"Mankurts in the Megapolis"

The subject of my project is the white wedding dress, as well as the vanishing of the traditional Kazakh wedding dress. This topic is connected directly with the problem of identity not only in Kazakhstan, especially with the loss of cultural values.

The title of my projekt "Mankurts in the Megapolis" reflects this loss of traditional values, as well as the fact, that we have forgotten our origins.

In Central Asia we have the concept of mankurtism, which describes the loss of the national roots, the traditional values and culture. Previously it referred to slaves, called Mankurts, who completely lost the memory of their past live by undergoing a special, torturelike treatment. Today we use this term to describe people who have, consciously or unconsciously, adopted other cultural values. This loss of memory concerns the manners, the morals and even the language, which are being replaced by other values. One of the causes of this phenomenon in our time is globalization.

  The form of the modern wedding gown is a symbol and it’s meaning is understood worldwide. It is the most important, and beautiful garment for most women in most countries.In earlier times, when each culture had its own original form of the bridal gown, it was able to show the immense wealth of ritual and cultural diversity. Since the beginning of the 20th century the white bridal fashion has been established almost all over the world, and many people regard it as a deeply rooted tradition.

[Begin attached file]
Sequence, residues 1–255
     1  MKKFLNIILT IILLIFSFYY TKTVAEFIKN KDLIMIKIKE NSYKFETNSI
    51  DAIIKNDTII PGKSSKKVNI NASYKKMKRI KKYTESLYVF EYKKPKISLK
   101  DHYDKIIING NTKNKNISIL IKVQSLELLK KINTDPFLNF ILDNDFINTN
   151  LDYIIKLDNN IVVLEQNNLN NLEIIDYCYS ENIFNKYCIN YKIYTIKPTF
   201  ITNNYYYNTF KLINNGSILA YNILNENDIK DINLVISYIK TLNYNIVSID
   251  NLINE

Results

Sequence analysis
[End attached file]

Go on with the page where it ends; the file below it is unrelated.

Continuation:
Modern life in Kazakhstan with its new sets of values has become so natural, that it seems almost impossible to connect with the ancient nomadic traditions. Perhaps it would also be not suitable anymore. Now, since we are no longer nomads, I would like to know, what should we keep and what should we give up, as a new generation? What do we need to keep in mind in this present process of change?

If we want to keep certain traditions, it seems important to me to be able to believe in these traditions, and not just to imitate their exterior superficially, as it is often seen in the new designs of the Saukele, where the originally meaningful symbols have deteriorated to a primitive form of ornamentation. But at least, concerning those traditions that still exist today, we should appreciate the meaning and the wisdom, which they contain, and which has been passed on to us by our ancestors!

Considering and reflecting upon all this, one wonders whether it makes any sense at all to deal with this issue, or if it would better to simply live in the flow of these events without thinking about them?

However, in my opinion, if we want to be able to meet this process of change quietly, without just being a part of the bulk, getting lost in uniformity, one of the essential factors within our thinking and feeling is, to know who we are!